FDIC CHAIRMAN APPOINTS COTTRELL L. WEBSTER
AS AGENCY'S OMBUDSMAN
FOR IMMEDIATE RELEASE PR-78-2002 (6-28-2002)
Media Contacts: Phil Battey (202) 898-6993
Federal Deposit Insurance Corporation (FDIC) Chairman Don Powell today announced the appointment of Cottrell L. Webster to the post of Ombudsman. Webster replaces Ronald F. Bieker, who will become the agency's Regional Director in Kansas City. Webster now serves as Director of the Division of Supervision's Memphis Regional Office.
Webster will head the Ombudsman's office, which interacts extensively with bankers, industry representatives, community groups and other members of the public to deal with concerns about FDIC policies and regulations. The office also responds to FDIC employee concerns. The office serves as both a resource and a liaison to facilitate the resolution of problems fairly and impartially.
"This position requires integrity, judgment and experience - all qualities that Cottrell has demonstrated throughout his long and distinguished career with the FDIC," said Chairman Powell. "He will apply his unique combination of talents to resolving complaints - benefiting the banking industry, the general public and the FDIC. I'm pleased to have him in this critical post and as part of my management team."
Webster said: "I believe my extensive examination background will help me immensely in my new position as Ombudsman. I'm looking forward to this exciting change in my career."
Webster joined the FDIC in 1972 as an Assistant Bank Examiner in the Houston, Texas, Field Office. He was promoted to Commissioned Bank Examiner in 1976 and to Review Examiner in the Dallas Regional Office in 1982. In 1985, he was appointed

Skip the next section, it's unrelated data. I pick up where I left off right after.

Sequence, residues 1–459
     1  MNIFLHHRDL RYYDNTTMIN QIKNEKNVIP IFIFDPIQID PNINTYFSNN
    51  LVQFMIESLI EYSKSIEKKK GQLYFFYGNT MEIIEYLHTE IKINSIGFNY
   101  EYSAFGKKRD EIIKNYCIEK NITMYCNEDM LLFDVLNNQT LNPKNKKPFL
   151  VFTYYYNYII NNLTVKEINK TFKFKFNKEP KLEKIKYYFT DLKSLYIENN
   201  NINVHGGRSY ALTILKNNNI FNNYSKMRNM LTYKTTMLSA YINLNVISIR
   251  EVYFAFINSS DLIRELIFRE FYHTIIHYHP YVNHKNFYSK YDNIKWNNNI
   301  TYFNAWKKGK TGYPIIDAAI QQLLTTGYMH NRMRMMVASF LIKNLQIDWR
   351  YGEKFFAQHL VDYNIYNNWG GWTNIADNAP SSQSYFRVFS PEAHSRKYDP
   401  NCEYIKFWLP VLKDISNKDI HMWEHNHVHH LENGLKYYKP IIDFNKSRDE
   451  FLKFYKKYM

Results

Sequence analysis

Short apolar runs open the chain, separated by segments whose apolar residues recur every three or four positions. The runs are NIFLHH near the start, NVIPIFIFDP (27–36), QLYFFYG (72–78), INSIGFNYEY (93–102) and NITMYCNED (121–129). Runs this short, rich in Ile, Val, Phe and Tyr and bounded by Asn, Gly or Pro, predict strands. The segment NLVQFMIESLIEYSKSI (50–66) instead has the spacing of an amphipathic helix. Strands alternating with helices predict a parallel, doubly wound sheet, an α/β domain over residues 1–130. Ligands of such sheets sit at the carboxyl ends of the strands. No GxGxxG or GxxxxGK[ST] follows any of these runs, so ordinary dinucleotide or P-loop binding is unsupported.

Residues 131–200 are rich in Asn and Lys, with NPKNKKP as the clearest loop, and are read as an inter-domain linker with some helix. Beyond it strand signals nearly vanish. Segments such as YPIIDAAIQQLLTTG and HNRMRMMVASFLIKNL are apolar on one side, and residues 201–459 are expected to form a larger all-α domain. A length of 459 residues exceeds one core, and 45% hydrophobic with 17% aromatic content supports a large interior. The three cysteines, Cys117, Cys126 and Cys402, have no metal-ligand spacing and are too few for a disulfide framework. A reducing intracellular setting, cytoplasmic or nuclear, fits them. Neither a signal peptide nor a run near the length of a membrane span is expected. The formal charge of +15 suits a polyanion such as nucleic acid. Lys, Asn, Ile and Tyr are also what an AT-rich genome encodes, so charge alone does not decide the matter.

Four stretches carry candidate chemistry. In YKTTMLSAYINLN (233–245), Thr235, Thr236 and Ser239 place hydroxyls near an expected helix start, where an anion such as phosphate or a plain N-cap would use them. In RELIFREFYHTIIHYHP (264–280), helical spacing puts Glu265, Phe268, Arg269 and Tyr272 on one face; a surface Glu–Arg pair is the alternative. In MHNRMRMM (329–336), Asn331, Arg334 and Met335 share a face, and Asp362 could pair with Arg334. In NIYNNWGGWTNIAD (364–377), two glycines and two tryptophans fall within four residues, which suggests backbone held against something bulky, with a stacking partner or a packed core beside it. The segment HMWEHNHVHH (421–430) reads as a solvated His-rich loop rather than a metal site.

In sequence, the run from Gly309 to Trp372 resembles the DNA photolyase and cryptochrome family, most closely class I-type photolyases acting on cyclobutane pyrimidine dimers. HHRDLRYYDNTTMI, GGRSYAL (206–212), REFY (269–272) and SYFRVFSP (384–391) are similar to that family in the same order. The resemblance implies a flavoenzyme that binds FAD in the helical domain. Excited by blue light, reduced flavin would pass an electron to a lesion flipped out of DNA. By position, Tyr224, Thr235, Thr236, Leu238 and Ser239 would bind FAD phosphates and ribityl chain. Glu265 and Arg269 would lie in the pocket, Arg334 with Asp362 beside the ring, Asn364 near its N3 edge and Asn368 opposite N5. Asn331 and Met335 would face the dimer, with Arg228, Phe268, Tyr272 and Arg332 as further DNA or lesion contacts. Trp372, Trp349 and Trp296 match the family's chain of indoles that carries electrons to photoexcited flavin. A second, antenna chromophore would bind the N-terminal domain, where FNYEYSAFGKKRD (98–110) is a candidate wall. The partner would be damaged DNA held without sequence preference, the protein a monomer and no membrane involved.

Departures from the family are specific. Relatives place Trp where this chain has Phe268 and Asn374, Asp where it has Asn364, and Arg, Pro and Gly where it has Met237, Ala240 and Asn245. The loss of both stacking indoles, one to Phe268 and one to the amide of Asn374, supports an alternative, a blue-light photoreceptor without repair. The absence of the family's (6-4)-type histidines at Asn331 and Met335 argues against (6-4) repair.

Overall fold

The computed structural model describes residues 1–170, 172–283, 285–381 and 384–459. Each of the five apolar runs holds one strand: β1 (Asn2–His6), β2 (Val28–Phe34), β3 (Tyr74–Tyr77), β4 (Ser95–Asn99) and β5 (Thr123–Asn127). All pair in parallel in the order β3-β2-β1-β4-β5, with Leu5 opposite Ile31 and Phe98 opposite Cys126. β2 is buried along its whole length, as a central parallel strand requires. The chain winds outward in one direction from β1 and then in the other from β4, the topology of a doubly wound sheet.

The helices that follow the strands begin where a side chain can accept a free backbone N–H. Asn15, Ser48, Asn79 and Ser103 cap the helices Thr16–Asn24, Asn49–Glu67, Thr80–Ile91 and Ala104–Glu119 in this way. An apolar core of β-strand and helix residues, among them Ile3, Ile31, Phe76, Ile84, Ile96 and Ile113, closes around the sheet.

Assistant Regional Director of the FDIC's Chicago Region. He was appointed Regional Director of the Memphis Region in 1994.
Webster, a native of Coldwater, Mississippi, graduated from Mississippi Valley State University in Itta Bena, Mississippi, with a degree in business administration, and from The Stonier Graduate School of Banking at Rutgers University.
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Congress created the Federal Deposit Insurance Corporation in 1933 to restore public confidence in the nation's banking system. The FDIC insures deposits at the nation's 9,538 banks and savings associations and it promotes the safety and soundness of these institutions by identifying, monitoring and addressing risks to which they are exposed. The FDIC receives no federal tax dollars - insured financial institutions fund its operations.
FDIC press releases and other information are available on the Internet at www.fdic.gov or through the FDIC's Public Information Center (800-276-6003 or (703) 562-2200).